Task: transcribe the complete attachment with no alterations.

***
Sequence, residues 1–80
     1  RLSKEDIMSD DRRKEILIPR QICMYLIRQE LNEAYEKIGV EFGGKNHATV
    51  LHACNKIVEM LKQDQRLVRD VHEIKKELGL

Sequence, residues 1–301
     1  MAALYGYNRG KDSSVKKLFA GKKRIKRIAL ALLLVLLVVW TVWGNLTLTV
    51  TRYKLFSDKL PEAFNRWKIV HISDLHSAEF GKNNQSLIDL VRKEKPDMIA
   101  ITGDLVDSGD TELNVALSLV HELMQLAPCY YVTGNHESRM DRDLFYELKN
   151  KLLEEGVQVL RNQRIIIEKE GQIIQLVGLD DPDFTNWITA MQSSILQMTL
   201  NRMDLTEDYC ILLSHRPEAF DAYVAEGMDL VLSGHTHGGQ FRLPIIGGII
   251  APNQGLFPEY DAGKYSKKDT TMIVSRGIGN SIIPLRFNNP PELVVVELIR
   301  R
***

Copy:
Sequence, residues 1–80
     1  RLSKEDIMSD DRRKEILIPR QICMYLIRQE LNEAYEKIGV EFGGKNHATV
    51  LHACNKIVEM LKQDQRLVRD VHEIKKELGL

Sequence, residues 1–301
     1  MAALYGYNRG KDSSVKKLFA GKKRIKRIAL ALLLVLLVVW TVWGNLTLTV
    51  TRYKLFSDKL PEAFNRWKIV HISDLHSAEF GKNNQSLIDL VRKEKPDMIA
   101  ITGDLVDSGD TELNVALSLV HELMQLAPCY YVTGNHESRM DRDLFYELKN
   151  KLLEEGVQVL RNQRIIIEKE GQIIQLVGLD DPDFTNWITA MQSSILQMTL
   201  NRMDLTEDYC ILLSHRPEAF DAYVAEGMDL VLSGHTHGGQ FRLPIIGGII
   251  APNQGLFPEY DAGKYSKKDT TMIVSRGIGN SIIPLRFNNP PELVVVELIR
   301  R